Awareness Detected in Vegetative Patients

Bedside brain scanner reveals whether brain damaged patients are aware

(RxWiki News) As many as 19 percent of brain-damaged patients in a vegetative state may be aware of their surroundings and capable of communicating, research has revealed.

That number is larger than previously suspected. A new inexpensive test can help pinpoint which patients have maintained that awareness after brain damage.

"There may be hope for communicating with patients in vegetative states."

Adrian Owen, a Canada Excellence Research Chair in Cognitive Neuroscience and Imaging at the University of Western Ontario's Centre for Brain and Mind, and Damian Cruse, the lead writer of the new study, also from the University of Western Ontario, said the method for assessing consciousness among patients who appear to be in a vegetative state, but may be able to respond, is both practical and cost-effective.

Cruse said the new method for detecting awareness among patients in a vegetative state using electroencephalography (EEG) is relatively cheap, portable and widely available.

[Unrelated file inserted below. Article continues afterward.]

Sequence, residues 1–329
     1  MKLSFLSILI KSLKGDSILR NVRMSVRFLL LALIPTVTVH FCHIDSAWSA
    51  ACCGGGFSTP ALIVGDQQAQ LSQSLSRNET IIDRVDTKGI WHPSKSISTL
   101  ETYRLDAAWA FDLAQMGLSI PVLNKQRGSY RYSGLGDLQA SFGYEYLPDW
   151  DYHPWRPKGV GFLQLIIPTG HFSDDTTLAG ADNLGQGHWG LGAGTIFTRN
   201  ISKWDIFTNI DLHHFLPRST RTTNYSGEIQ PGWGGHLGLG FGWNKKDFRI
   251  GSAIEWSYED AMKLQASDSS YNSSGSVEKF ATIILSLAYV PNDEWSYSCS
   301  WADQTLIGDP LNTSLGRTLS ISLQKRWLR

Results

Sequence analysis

Researchers utilized an EEG paradigm with motor imagery to detect command following, an indicator of awareness, in 16 patients who met internationally agreed upon criteria for a diagnosis of vegetative state. The test was repeated in 12 healthy patients.

Investigators found activity in the front part of the brain in three of the patients believed to be in a vegetative state -- the same part of the brain that showed activity among the healthy participants.

“It’s astonishing,” Owen said. “In some of these cases, patients who seemed to be entirely unresponsive to the outside world, were able to signal that they were, in fact, conscious by changing their patterns of brain activity – sometimes hundreds of times ”

In some cases doctors may be able to communicate with patients in a vegetative state through functional magnetic resonance imaging (fMRI), though at this time it is expensive and not as widely available.

The findings were published in The Lancet.

Review Date: 
November 10, 2011